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Ending a Program or Loop Early

On occasion, it may be necessary to end a program (or section of a program) earlier than its normal termination.  Below are examples of methods of interrupting or terminating programs or loops.

 

 

return 0;

-  it is possible to end a program (or function) prior to its normal termination by using an "extra" return 0; statement.  The drawback to this strategy is that it ends the entire program (or function) at the point where the return 0; statement is placed.  This may not always be what you had in mind.  Oftentimes, the programmer may wish to simply end a "process" within the program, but continue with the remainder of the programming code.

return 0; returns a value of 0 to the IDE indicating that the program reached normal termination.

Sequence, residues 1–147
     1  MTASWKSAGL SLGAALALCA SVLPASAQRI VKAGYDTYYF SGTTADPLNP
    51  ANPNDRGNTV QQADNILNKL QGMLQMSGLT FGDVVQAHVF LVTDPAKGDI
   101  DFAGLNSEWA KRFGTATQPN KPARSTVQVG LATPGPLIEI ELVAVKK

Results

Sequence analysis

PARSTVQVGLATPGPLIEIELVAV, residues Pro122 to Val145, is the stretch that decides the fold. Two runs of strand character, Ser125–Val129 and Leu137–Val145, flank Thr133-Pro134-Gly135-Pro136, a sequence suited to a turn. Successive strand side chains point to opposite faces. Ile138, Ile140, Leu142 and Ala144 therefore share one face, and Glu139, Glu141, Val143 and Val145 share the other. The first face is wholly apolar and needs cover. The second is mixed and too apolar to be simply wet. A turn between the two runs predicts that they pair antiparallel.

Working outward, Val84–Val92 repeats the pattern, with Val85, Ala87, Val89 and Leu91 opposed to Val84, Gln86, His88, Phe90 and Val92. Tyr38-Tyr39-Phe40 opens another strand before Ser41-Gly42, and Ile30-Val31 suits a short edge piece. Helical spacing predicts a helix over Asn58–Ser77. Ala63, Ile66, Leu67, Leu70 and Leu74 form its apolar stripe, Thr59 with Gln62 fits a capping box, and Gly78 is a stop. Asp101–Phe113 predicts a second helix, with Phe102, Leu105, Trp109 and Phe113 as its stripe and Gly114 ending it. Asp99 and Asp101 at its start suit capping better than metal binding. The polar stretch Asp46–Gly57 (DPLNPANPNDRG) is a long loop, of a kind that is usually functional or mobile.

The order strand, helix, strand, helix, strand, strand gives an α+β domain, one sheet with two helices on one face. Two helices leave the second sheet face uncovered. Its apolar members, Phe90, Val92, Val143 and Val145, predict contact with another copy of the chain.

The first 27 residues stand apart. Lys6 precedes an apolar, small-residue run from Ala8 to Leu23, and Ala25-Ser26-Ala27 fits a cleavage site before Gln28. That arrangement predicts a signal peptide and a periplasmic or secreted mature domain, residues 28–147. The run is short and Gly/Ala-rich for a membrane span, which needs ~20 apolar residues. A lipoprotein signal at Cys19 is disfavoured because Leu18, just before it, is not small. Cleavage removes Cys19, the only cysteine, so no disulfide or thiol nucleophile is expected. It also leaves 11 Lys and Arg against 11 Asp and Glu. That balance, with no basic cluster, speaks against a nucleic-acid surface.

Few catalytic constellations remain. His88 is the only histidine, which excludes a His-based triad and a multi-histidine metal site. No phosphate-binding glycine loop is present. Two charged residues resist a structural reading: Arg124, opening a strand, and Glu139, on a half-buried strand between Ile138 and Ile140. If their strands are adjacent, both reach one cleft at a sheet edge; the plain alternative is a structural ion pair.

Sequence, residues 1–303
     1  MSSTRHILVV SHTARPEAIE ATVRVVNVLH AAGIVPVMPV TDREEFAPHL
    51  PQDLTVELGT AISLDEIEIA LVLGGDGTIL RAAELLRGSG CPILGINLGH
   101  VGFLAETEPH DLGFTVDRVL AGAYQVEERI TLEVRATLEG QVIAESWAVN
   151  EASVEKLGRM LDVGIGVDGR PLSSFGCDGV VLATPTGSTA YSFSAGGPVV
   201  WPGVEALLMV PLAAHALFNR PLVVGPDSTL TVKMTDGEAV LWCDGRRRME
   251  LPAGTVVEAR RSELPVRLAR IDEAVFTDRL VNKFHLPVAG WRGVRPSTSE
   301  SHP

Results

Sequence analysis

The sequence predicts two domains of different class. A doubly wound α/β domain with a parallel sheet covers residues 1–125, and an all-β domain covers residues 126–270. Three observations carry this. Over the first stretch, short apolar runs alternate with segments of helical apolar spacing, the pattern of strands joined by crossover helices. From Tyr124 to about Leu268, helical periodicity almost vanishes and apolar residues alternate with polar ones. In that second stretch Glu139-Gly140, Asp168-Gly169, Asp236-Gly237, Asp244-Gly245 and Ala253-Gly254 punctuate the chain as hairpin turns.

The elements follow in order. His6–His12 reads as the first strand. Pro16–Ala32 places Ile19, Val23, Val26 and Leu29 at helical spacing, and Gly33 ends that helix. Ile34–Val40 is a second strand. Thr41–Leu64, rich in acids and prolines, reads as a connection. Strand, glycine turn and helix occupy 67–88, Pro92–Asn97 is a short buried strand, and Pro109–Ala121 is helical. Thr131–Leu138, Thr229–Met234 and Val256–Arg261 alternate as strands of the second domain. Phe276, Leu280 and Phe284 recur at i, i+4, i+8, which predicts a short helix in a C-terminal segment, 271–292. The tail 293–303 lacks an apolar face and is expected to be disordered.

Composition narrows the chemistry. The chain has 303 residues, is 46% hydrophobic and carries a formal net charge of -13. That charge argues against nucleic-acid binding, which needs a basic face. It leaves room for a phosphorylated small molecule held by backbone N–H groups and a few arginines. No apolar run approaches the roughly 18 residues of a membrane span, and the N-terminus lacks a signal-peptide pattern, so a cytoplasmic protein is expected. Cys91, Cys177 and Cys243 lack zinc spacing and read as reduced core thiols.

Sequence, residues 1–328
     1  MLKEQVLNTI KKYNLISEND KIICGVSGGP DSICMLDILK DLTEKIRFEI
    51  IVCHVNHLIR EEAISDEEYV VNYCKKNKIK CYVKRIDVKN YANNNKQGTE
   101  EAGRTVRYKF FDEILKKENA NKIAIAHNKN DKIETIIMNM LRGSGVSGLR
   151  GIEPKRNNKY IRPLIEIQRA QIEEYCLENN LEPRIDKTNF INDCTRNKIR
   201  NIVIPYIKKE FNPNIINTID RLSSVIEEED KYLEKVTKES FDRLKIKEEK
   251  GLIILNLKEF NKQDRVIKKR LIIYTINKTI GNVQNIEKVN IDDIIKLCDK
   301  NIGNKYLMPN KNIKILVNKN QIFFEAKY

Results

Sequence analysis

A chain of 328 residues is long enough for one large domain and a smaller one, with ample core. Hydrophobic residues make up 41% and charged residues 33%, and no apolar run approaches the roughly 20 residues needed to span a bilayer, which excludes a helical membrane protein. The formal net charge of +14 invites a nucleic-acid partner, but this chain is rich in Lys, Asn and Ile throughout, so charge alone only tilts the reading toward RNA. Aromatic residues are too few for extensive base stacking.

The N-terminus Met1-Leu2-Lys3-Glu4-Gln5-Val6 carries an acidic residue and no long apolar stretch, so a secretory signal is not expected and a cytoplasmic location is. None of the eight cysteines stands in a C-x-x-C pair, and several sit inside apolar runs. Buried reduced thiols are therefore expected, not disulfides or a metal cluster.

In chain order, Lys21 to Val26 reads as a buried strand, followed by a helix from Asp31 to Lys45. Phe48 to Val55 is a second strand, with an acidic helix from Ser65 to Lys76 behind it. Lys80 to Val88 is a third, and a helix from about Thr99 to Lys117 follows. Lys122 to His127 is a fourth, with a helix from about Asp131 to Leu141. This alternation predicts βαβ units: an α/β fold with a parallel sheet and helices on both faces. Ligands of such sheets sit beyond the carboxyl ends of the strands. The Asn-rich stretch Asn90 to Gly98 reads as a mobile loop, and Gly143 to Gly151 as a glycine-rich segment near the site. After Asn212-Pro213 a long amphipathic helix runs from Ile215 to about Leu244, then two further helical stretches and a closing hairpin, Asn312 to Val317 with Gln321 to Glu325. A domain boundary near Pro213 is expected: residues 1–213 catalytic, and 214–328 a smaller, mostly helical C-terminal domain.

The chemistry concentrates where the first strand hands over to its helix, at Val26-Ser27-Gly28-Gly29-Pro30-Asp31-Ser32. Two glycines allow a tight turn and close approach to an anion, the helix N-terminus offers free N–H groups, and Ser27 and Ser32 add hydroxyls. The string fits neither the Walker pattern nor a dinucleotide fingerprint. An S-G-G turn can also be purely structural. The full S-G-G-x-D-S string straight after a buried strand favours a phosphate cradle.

exit( );

- the exit( ) function also ends a program before its normal termination.  It requires the Standard Library header file, stdlib.h.  The format is
                                         exit(value);  
where value is an integer variable or value. 

Using exit(1); returns a value of 1 to the IDE indicating that an error must have occurred.  This process is often used for error trapping.

 

break;

- the break statement gets you out of a loop.  No matter what the loop's ending condition, break immediately says "I'm outta here!"  The program continues with the next statement immediately following the loop.  Break stops only the loop in which it resides.  It does not break out of a "nested loop" (a loop within a loop).

 

continue;

- continue performs a "jump" to the next test condition in a loop.  The test condition is then evaluated as usual, and the loop is executed as long as the test condition remains true.  The continue statement may be used ONLY in iteration statements (loops).  It serves to bypass, or jump over, certain iteration sections of a loop.

 

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